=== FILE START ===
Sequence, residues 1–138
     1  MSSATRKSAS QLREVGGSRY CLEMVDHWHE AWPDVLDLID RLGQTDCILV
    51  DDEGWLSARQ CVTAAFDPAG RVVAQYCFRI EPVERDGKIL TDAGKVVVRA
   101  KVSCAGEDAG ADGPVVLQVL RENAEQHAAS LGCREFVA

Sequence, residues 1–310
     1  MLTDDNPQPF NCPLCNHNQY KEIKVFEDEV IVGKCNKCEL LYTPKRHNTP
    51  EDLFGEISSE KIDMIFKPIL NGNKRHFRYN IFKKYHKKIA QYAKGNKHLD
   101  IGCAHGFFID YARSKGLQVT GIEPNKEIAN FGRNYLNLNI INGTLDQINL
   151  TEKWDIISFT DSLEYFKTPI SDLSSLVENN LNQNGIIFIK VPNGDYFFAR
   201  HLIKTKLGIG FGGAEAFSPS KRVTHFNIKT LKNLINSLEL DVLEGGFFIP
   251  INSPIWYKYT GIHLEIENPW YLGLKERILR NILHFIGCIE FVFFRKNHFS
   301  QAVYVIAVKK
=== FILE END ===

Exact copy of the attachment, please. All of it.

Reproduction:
Sequence, residues 1–138
     1  MSSATRKSAS QLREVGGSRY CLEMVDHWHE AWPDVLDLID RLGQTDCILV
    51  DDEGWLSARQ CVTAAFDPAG RVVAQYCFRI EPVERDGKIL TDAGKVVVRA
   101  KVSCAGEDAG ADGPVVLQVL RENAEQHAAS LGCREFVA

Sequence, residues 1–310
     1  MLTDDNPQPF NCPLCNHNQY KEIKVFEDEV IVGKCNKCEL LYTPKRHNTP
    51  EDLFGEISSE KIDMIFKPIL NGNKRHFRYN IFKKYHKKIA QYAKGNKHLD
   101  IGCAHGFFID YARSKGLQVT GIEPNKEIAN FGRNYLNLNI INGTLDQINL
   151  TEKWDIISFT DSLEYFKTPI SDLSSLVENN LNQNGIIFIK VPNGDYFFAR
   201  HLIKTKLGIG FGGAEAFSPS KRVTHFNIKT LKNLINSLEL DVLEGGFFIP
   251  INSPIWYKYT GIHLEIENPW YLGLKERILR NILHFIGCIE FVFFRKNHFS
   301  QAVYVIAVKK